B2B Sales Processes: 5 underestimated Success Factors

Today, purchasing independently covers 41% of the classic sales channel. At the same time, 32% of worthwhile projects fall by the wayside due to the indecision of ever larger buying centers. Moreover, in 18% of cases, purchasing sets too short deadlines and acts against its long-term interests in 30% of cases – 49% of decisions are still strongly influenced by price. Relevant information is missing in 54% of cases and increases the complexity in the cooperation.

Facing all Challenges: The current study by the University of St.Gallen highlights 5 underestimated success factors that enable effective collaboration with purchasing in B2B business.

Digitalisierung – High-Tech with High-Touch

Trend researcher John Naisbitt predicted long before the millennium that personal contact would become increasingly important in the course of mechanization. In B2B business, this statement is confirmed today.

With top performers the customer face time is 9% higher. You take more time for conversations and know your customers long before the business. The current figures also show that 35% of customers make decisions relatively early in the purchasing process and at this point in time already know 53% of the relevant influencers. Influencers are not the only B2C phenomenon here: 37% of purchases are determined by expert opinions, with references, tests and evaluation portals also making a contribution. A total of 64% of the purchase decision is influenced outside the buying center.

Insight 1: Successful salespeople network in more detail. They deal with relevant influencers away from the buying center and take more time for their customers.

Buying Center – Less is More

The complexity in purchasing is increasing significantly. Growing, international decision-making teams now characterize the cooperation. However, a larger buying center and increased standardization in many cases means a step backwards rather than professionalization.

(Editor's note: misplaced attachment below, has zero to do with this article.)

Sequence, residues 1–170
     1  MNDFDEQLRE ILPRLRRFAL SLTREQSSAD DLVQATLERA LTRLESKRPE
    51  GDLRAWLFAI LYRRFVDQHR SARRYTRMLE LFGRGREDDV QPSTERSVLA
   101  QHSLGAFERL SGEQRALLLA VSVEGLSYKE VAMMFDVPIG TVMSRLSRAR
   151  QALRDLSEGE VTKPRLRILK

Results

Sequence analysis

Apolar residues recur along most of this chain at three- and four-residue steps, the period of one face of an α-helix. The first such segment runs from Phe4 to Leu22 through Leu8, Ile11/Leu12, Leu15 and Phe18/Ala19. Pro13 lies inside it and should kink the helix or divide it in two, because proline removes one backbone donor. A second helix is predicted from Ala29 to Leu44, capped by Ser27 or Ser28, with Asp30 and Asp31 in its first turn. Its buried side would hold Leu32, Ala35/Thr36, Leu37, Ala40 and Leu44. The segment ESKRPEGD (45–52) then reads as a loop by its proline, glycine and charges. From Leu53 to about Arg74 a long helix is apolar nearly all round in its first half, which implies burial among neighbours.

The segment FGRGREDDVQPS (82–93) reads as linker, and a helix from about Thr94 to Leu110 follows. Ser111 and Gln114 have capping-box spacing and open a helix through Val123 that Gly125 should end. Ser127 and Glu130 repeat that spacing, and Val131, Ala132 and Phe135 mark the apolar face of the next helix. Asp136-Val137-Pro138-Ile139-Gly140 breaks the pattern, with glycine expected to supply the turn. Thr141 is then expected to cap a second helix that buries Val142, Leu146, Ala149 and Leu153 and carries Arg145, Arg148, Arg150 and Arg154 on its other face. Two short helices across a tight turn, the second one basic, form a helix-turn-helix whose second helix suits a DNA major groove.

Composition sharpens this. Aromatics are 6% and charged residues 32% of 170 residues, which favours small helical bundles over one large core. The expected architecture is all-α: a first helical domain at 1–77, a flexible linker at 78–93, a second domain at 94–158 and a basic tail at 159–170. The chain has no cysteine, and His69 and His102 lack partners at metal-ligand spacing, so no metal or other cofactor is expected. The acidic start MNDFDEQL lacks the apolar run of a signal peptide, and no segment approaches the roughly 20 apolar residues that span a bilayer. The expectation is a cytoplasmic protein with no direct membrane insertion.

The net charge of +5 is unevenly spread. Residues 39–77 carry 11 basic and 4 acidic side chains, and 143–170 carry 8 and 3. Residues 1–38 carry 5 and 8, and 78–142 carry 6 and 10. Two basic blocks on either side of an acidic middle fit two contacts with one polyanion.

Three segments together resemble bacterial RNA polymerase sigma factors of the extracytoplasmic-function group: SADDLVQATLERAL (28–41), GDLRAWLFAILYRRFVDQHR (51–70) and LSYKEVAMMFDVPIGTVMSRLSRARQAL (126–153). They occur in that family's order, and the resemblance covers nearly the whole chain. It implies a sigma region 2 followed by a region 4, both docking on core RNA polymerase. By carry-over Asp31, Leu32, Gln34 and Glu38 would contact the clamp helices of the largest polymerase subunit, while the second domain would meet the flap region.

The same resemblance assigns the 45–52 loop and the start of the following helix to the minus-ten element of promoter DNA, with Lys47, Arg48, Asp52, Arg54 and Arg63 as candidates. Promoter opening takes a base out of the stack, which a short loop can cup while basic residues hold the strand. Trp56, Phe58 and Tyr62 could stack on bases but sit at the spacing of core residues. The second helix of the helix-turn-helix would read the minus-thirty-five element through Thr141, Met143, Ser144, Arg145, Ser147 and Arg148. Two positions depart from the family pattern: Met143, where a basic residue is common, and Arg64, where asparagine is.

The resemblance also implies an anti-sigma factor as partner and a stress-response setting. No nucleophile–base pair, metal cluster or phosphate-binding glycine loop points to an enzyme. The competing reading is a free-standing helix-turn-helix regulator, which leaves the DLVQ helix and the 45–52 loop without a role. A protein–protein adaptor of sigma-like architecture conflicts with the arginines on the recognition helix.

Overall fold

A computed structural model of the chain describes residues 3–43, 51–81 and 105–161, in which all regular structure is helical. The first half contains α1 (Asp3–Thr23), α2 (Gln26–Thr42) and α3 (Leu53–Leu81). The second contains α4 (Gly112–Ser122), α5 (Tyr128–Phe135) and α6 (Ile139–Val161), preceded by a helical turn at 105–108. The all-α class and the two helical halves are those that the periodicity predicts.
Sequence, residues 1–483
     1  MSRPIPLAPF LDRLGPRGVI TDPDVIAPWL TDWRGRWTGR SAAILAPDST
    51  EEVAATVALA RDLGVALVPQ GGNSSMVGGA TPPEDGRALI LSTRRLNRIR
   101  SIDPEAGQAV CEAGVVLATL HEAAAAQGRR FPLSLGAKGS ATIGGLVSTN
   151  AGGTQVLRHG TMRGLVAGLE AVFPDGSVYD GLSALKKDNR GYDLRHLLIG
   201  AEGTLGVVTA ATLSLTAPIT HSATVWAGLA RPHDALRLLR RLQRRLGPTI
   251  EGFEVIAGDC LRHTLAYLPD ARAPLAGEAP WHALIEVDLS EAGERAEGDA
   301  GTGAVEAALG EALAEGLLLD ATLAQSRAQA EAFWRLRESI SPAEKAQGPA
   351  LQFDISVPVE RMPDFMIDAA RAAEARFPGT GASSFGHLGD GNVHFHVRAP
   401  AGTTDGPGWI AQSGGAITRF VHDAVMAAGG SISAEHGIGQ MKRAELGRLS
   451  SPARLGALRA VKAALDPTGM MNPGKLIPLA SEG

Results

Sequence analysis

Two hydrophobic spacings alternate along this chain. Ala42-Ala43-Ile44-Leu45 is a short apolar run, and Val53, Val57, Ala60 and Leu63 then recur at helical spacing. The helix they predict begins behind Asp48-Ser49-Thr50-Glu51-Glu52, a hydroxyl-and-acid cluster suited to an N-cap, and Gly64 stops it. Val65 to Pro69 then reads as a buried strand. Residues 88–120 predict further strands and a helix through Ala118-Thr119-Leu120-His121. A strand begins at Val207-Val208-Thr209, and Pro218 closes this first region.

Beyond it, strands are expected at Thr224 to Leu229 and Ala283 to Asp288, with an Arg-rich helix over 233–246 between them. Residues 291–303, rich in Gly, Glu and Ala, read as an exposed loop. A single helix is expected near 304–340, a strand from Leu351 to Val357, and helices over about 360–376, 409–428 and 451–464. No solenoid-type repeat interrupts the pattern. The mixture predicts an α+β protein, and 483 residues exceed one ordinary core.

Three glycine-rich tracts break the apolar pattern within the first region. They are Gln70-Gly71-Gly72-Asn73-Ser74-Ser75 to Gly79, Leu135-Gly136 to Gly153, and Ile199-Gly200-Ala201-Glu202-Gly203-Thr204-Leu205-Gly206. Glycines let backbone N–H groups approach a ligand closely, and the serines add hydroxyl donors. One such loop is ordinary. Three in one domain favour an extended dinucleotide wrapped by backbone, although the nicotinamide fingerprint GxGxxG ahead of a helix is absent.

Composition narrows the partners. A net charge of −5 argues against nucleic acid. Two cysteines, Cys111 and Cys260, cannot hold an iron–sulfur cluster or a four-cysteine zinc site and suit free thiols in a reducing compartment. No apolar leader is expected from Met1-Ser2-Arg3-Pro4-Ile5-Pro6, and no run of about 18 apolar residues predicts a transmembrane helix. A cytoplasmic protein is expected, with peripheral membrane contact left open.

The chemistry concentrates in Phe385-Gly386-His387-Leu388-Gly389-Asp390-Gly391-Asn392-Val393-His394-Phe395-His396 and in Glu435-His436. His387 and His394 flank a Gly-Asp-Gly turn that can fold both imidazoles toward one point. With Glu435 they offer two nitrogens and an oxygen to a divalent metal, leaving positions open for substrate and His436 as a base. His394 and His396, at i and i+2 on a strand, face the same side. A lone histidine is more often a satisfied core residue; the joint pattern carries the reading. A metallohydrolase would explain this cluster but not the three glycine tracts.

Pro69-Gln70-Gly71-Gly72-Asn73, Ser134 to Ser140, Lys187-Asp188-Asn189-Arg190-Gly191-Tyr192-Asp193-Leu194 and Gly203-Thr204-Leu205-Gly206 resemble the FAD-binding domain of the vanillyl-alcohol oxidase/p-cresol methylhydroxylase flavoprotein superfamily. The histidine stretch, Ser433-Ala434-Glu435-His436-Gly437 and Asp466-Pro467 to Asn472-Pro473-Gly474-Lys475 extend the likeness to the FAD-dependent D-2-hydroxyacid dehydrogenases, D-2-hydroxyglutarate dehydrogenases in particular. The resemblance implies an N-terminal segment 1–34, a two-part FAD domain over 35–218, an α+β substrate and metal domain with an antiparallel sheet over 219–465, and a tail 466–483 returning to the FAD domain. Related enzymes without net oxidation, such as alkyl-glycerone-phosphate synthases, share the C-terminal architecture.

37% of customers formalize their approvals, procedures and tenders. If an individual decision is shifted to a buying center, either a procurement decision remains or the quota is halved. The increasing inertia is particularly evident in the size of the purchasing department, in which an average of 5 people are involved today. Top performers avoid this constellation and usually deal with customers who have a buying center half the size.

Insight 2: Successful sellers focus on smaller and therefore more decisive buying centers.

Customer Needs – Missing Financing Options and Usability

“If the customer wants vanilla, give him vanilla” is an old guiding principle that is often ignored in B2B business: Service offers are compared with the competition rather than adapted to the customer’s situation.

Support and advice is now on the agenda of many sellers. The successes are promising, since 60% of buyers already use the qualified support willingly – a strong differentiation in this field, however, is hardly possible. Service and price, on the other hand, are cited as the most frequent reasons for customers to choose a vendor. Despite this starting point, optimizations in the area of homepage, webshops or suitable financing options are relatively rarely in the company’s focus – a gap and an opportunity.

Insight 3: Sellers can positively differentiate themselves from the competition through better web solutions and financing options

Offer Adjustment – Flexibility Downwards

Agility is still a familiar concept in many business models, but it is difficult to implement in key areas.

Today, customers increasingly expect customized solutions that meet their individual needs. 28% of the orders change a lot before the purchase. In addition, 15% of the cases show a need for adjustment after the purchase decision. The analysis of the purchasing process makes it clear that customer expectations fluctuate greatly or can often only be inadequately stated. A further aggravating factor is an increasing tendency towards further price negotiations before conclusion. Top performers counter this dynamic with flexibility: Their willingness to adjust prices while at the same time reducing performance is 12% above the peer group. In addition, their ability to put the economic benefit above the price is 6% higher.

Insight 4: Successful sellers are willing to dynamically adjust prices, but also services – if you let it come to a price discussion.

Disqualifying – Success Through Exclusion

Successful large companies such as Apple or Salesforce select their corporate partners carefully. In doing so, they willingly forgo unprofitable business.

Good reasons for a better selection can also be observed in the current study: The purchasing department usually compares 4 competing offers. Despite an early selection, the purchasing process is continued by the customer in 35% of the cases until the negotiation phase in order to put pressure on the competitors and to keep all options open. If at the same time the increasing effort for customer acquisition is considered, it becomes apparent that many resources can be saved by an early termination of an already lost purchase process.

Insight 5: Successful sellers should be able to assess the likelihood of closing a deal and find the courage to exit early.